FATEHPUR, India - Rescuers searched for survivors in the wreckage of a packed express train that derailed yesterday afternoon in northern India, killing at least 31 people, while officials said a second train derailment hundreds of miles to the northeast appeared to have been caused by a remote-controlled bomb.
Rescuers were working to reach the second derailment, which occurred late last night in a rural area of Assam state, injuring at least 100. The two railway incidents did not appear to be related.
In the first crash, the Kalka Mail train was on its way to Kalka, in the foothills of the Himalayas, from Howrah, a station near Calcutta in eastern India, when 12 coaches and the engine jumped the tracks at Malwan station, near the town of Fatehpur in Uttar Pradesh state, a senior railway official said. The cause of the derailment was not immediately clear.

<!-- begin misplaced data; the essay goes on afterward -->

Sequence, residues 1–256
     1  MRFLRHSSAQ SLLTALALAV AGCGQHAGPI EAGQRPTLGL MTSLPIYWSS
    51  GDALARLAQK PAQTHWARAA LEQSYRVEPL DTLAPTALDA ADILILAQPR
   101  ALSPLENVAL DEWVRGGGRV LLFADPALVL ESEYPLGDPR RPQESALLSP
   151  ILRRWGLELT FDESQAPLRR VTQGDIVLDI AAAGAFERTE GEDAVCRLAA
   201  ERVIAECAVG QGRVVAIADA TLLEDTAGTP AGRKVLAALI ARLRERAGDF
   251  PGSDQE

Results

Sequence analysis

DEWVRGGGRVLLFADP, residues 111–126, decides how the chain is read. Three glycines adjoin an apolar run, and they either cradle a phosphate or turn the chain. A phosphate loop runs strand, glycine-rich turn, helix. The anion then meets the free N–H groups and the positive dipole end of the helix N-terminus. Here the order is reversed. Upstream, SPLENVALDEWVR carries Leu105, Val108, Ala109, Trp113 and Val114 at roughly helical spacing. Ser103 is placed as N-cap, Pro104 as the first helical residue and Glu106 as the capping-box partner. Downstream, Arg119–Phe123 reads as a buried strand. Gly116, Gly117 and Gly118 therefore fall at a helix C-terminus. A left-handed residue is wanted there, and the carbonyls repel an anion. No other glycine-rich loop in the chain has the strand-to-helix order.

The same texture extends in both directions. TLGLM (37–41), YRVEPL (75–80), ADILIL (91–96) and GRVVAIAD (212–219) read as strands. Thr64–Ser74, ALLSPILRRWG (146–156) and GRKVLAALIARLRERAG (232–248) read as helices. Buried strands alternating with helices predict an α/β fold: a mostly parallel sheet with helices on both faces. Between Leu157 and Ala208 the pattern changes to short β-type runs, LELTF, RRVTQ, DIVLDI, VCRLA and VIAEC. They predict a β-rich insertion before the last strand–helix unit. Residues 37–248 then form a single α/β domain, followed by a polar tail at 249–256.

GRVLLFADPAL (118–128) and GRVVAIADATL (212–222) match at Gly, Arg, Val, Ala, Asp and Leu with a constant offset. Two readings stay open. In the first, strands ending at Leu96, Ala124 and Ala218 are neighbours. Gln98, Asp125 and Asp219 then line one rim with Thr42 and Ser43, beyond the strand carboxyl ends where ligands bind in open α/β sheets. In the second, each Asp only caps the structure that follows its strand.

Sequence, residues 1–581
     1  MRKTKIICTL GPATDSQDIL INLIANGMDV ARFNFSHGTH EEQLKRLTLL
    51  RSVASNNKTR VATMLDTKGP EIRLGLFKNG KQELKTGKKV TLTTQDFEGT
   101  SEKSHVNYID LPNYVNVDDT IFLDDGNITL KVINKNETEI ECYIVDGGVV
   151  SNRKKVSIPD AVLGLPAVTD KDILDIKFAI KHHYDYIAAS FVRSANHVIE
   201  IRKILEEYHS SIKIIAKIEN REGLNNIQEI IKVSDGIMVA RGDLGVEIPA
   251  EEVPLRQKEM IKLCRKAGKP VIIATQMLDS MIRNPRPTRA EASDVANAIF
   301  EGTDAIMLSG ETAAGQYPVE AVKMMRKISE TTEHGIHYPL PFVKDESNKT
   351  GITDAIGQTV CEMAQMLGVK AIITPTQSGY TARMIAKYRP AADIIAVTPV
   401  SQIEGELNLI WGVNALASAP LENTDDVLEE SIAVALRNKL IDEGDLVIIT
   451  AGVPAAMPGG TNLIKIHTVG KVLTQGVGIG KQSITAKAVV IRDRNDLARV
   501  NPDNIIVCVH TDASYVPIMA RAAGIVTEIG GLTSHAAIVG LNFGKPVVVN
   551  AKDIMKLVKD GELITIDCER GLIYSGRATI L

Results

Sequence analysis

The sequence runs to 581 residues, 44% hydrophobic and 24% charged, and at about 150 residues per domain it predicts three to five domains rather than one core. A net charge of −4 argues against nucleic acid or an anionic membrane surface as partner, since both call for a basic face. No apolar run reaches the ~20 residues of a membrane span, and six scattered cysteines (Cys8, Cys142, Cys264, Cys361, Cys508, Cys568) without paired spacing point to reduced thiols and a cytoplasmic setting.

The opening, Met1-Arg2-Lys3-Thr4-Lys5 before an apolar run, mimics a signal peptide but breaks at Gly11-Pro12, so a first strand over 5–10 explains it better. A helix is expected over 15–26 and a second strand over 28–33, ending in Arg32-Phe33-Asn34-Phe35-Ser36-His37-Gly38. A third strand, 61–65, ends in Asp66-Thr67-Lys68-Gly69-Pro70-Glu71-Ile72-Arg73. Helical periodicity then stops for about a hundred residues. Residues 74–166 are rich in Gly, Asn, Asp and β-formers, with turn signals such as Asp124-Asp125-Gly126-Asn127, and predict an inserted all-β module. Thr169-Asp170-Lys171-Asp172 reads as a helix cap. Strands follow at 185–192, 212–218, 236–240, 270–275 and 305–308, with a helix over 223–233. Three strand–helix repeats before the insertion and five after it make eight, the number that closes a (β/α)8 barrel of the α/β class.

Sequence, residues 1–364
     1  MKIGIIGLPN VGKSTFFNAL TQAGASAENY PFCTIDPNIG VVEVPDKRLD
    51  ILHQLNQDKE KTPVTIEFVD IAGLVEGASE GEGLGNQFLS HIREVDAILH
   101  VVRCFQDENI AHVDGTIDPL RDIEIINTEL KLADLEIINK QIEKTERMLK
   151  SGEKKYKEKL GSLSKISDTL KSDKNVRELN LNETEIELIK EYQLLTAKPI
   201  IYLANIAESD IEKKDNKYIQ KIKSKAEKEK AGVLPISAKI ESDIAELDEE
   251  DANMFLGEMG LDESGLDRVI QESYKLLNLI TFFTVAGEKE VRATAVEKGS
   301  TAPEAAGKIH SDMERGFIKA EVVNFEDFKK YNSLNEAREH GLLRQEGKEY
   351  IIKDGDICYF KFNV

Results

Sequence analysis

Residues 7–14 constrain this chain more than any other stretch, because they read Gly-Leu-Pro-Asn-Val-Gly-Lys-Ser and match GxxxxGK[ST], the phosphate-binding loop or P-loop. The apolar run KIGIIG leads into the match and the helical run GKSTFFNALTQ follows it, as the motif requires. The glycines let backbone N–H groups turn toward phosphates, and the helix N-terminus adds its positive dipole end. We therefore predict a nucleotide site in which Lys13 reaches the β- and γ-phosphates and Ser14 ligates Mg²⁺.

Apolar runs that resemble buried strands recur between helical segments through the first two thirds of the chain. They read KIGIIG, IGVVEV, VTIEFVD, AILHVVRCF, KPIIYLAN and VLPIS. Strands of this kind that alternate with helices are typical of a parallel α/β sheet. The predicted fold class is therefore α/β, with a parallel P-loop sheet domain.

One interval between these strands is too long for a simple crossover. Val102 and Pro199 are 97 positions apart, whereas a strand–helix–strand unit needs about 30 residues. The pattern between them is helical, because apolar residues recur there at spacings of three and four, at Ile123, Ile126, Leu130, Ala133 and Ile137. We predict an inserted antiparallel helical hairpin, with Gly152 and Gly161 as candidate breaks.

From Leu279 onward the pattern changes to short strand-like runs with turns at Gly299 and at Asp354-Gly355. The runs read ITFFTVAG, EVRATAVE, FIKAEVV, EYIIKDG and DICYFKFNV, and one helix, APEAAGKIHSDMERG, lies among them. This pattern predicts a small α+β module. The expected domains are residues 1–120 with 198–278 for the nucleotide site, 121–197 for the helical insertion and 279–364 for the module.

At least 31 people were killed and rescue workers pulled at least 100 injured passengers out of the wreckage, a state police official said.
Hours later, the second train derailed in the northeastern state of Assam, injuring at least 100 people, said a local magistrate. Local police suspect that a remote-control-triggered bomb caused four coaches of the Gauhati-Puri Express to be thrown off the tracks in the town of Rangiya.